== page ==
For my photo above, I composed the shot using the south celestial pole (see image below sourced from wikipedia) which give the circular effect.
The north and south celestial poles are the two imaginary points in the sky where the Earth’s axis of rotation intersects the imaginary rotating sphere of stars called the celestial sphere. The poles appear directly overhead to an observer at the North and South Pole’s.
For those living in the southern hemisphere, there are a few methods to find the south celestial pole.
Southern Cross Method
The south celestial pole can be located from the Southern Cross and its two pointer stars.
Looking up at the Southern Cross, draw an imaginary line from the two stars at the extreme ends of the long axis of the cross and follow this line through the sky. You can either go four and a half times the distance of the long axis on the Southern Cross in the direction the narrow end of the cross points, or join the two pointer stars with a line, divide this line in half, then at right angles draw another imaginary line through the sky until it meets the line from the Southern Cross. At this crossing point is the south celestial pole.
Magellanic Clouds Method
Using the Magellanic Clouds clouds in the southern sky, make an equilateral triangle, the third point of which is the south celestial pole.
Using a compass, locate true south and point up to an angle equivalent to your latitude.
For example, if you were in Melbourne CBD (-37.814056,144.96168), then using your compass facing true south and looking up at an angle of 37.8° will give you the south celestial pole.
Below is a compiled video of all of my 114 exposures from Lake Fyans in the Grampians, showing the celestial movement around the south celestial pole, located at the end of the tree’s branch. (Thanks to “Achim Schaller” for this wonderful application).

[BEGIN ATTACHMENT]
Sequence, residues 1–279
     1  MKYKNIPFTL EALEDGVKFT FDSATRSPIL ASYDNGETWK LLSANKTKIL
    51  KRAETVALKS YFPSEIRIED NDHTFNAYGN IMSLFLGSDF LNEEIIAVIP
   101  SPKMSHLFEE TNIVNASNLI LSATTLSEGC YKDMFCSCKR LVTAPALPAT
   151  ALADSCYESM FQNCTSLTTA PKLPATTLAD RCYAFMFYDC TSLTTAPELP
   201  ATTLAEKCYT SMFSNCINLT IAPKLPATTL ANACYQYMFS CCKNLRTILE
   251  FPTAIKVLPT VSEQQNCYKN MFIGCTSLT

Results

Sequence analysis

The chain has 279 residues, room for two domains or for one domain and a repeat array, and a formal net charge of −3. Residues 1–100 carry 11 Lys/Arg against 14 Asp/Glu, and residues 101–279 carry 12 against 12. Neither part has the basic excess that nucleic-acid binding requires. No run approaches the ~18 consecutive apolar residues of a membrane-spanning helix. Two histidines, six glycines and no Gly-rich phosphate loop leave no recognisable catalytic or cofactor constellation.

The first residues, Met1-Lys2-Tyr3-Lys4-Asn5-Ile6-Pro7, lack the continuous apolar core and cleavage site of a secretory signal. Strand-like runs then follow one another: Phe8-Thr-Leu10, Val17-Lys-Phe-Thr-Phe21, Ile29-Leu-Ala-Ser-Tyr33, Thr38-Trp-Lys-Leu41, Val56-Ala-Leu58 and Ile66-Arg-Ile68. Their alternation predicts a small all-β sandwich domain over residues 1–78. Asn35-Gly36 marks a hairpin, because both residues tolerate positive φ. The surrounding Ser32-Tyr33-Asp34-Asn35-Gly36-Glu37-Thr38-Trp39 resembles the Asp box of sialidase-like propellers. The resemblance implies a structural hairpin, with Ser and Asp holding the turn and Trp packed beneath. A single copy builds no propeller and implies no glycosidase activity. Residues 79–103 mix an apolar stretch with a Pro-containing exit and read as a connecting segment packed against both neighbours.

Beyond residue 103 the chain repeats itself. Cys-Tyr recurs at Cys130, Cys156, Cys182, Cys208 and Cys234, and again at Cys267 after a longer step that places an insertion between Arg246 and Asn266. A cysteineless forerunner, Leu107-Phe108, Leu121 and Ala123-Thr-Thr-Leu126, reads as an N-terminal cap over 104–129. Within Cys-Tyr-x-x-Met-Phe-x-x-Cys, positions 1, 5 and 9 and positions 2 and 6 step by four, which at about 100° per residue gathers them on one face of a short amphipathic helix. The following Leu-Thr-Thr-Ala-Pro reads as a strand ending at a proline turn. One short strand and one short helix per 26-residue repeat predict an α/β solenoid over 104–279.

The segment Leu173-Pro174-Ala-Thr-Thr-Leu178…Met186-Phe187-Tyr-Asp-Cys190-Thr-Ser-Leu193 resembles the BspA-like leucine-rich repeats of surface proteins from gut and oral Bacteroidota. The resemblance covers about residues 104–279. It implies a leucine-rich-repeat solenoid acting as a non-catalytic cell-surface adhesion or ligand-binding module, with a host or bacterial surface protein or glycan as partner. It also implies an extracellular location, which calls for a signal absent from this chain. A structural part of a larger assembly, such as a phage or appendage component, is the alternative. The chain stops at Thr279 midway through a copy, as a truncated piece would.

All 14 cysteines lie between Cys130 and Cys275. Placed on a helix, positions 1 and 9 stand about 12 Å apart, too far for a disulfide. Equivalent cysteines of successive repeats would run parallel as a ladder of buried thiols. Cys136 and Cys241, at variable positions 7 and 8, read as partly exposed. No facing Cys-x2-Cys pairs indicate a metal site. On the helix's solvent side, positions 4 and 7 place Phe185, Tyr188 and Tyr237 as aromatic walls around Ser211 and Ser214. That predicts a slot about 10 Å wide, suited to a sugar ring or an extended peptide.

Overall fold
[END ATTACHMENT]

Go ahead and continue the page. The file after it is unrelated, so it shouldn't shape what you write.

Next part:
You’ll notice too that the light seems to fade on the lake and the tree goes in shadow. This was because the moon was behind us and was fading to the horizon over the hour of exposure. Also the bright light appearing across the lake at the end of the sequence was a car.
There is nothing like Autumn in Bright, Victoria.
Bright is just one of those places that you have to see to believe in autumn.
The deciduous trees leaves turn to vibrant red and yellow in this gorgeous old town in Victoria’s alpine region.
Autumn brings many to the region to see the landscape and enjoy the seasonal festivities such as the Bright Autumn Festival.
The town has a buzz about it which the colours seem to enhance.
There is plenty to do and see around the region.
A great place for families to visit is the Buckland Valley Alpaca Farm. The farm offers talks and tours, and kids can get up close and personal with these beautiful and inquisitive animals. You can enjoy a locally roasted coffee during the afternoon on the farm and browse or purchase some of their alpaca fleece products.
Wine lovers can enjoy touring and tasting the exquisite wines from the King Valley and Alpine Valley region. Autumn offers amazing views and scenes from the wineries, as well as a perfect place to have alfresco lunches.
King Valley wineries include the well known Brown Brothers, through to smaller plantings which also welcome visitors to their cellar door. Italian red wine varietals, such as sangiovese, nebbiolo and barbera flourishes in the region.
Alpine Valleys region produce mainly chardonnay and pinot noir. The region’s high altitude, hot summers days and cool nights allow its small vineyards to make beautiful, distinctive wines.
The town offers so much, anything from shopping, dining and picnics. There is no shortage of accommodation or dining options, something for every mood.
Ovens river runs through Bright. In the summer the water hole is a popular spot for swimming, in autumn it is a wonderful location for a family picnic, with a large park, local wildlife and beautiful autumn views.
Beer connoisseurs will love the local brewery, Bright Brewery. The brewery use fresh mountain water, quality ingredients and craft brewing techniques to brew their trademark “MountainCrafted” beer.
In the heart of Bright, right next to the water hole and park, it’s a great spot to have a beer and relax.